In another one of my books, Ernie The Dysfunctional Frog, Ernie can’t understand why he can never seem to do what the other frogs can easily accomplish. In every situation, he seems to fail or lag behind, while the other frogs do the same thing so easily. The surprise of this story is that there’s a very good reason why this happens. And that’s what makes him different from the other frogs. The themes of love and friendship are woven through this story as well as a big dose of humor and diplomacy.


Ferrante: Are you a full-time or part-time writer? How does that affect your writing?

Barbera: I’m a writer. But for me, it’s very much an inspiration thing. When I hear or see something that sparks an idea I go into writing mode. I don’t sit down every day at a set time and write just to write something. But I do think of something funny or interesting every day, and many times I’ll write that down as an idea for a story.

Ferrante: Mary Elizabeth The Spotless Cow is about exclusion. Why did you feel this was such an important topic? What personal and social ramifications do you think exclusion causes?

Everyone wants to fit in and be accepted. Especially by their peers. Children can be profoundly hurt by being excluded from a group. It’s a horrible feeling to be rejected or ignored by people that you want to like and accept you. The key is what you do when that happens. You can be dejected and turn against them. You can be sad, feel rage or worse, become suicidal.

It’s how you deal with exclusion that determines your character. The secret is to figure out a way to turn their cold shoulders around and be welcomed into the group for who you are.

That’s where humor, diplomacy and using your intelligence (brains) comes in. Mary Elizabeth was rejected by the entire group at first. But she figured out a way to not only overcome the rejection and make friends, but also to open their eyes to the unfairness of their prejudice. Proving, in her case, that it’s what’s inside that counts more than appearance. And, that she is a lot of fun to be around when you get to know her.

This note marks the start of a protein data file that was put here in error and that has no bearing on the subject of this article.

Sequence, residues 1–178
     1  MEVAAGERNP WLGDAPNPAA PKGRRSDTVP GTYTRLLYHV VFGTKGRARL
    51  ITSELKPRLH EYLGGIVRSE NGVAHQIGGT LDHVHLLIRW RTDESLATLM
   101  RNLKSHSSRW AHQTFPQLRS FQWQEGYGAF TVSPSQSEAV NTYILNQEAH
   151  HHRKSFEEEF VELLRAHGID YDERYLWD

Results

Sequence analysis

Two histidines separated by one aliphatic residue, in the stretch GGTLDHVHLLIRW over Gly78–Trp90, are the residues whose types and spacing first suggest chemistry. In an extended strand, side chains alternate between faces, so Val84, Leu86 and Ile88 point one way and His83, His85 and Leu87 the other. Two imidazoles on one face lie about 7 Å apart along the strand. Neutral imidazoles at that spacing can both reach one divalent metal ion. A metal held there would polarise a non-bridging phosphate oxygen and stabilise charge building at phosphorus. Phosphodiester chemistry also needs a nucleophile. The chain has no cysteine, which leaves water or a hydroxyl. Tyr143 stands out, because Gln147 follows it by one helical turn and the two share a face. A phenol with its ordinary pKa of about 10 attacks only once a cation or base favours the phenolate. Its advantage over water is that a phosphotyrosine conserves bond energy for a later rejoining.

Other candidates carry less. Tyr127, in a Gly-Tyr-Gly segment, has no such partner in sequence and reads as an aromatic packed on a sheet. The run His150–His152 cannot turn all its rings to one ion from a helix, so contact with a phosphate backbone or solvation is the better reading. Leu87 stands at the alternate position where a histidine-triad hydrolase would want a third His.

Click here to buy Mary Elizabeth The Spotless Cow

Ferrante: What makes your book stand out from the crowd?

Barbera: It’s not typical to find an author that’s also an artist and does their own illustrations. My unique drawing style, fun relatable characters and humor throughout the story make my book stand out. I love to draw animals, it’s a lot of fun to make them ‘human’, and this story is filled with wacky and whimsical looking cows. It is a journey of discovery for kids and their caregiver’s while reading this story. The ‘aside’ humor for adults makes reading Mary Elizabeth The Spotless Cow a welcome addition to every children’s library.

Ferrante: Why did you choose to write about a cow instead of a child or any other animal? What challenges did this raise?

Barbera: I chose cows because of the spots. All ‘Prejudice’ needs to fuel it is someone or something that’s different. Spots. No spots. If all the cows couldn’t see, spots wouldn’t be an issue. If one cow couldn’t see, that cow would be different and probably treated differently. Mary Elizabeth The Spotless Cow is about social prejudice. The biggest challenge created by using cows was figuring out how to overcome the spots to become accepted. I think it’s neatly accomplished and makes for a better story.

Ferrante:  Mary Elizabeth The Spotless Cow has her own television show on the web. Tell us about this. How is it created? Who performs in it? How often is it aired?

Barbera: Thank you for asking about the upcoming web show! We are launching on YouTube mid August. (Fingers crossed). My wife, Sheri, and I came up with the concept for Sweetles® TV Show (web series) a few years ago. The first idea was to help kids learn about social skills and good behaviors in a fun and wacky way. Think Sesame Street meets Monty Python. It’s evolved into more of a comedy/variety show for the entire family to enjoy. 

The show includes nutsy goofballs (people), silly animation, assorted puppets, music, comedy and a lot of fun! All of that meant learning a whole bunch of new software programs to create and edit video. Plus making, buying or modifying and animating an assortment of puppets and other show characters. Once that was finally accomplished, then we researched how to set up a studio for filming. That took over two years. It’s truly been a labor of love.

We’re currently at the stage of writing the scripts and filming the show! So far, there are four of us writing, performing and filming. The goal is to post Sweetles® TV Show once a week, with a segment just for kids called “A Sweetles Dream®” featuring my children’s book characters including Mary Elizabeth The Spotless Cow. Even her sister, Sister Mary Catherine: The Holy Cow With a Bad Habit, makes an appearance! It should be a lot of fun.

Ferrante: What your plans for future projects include?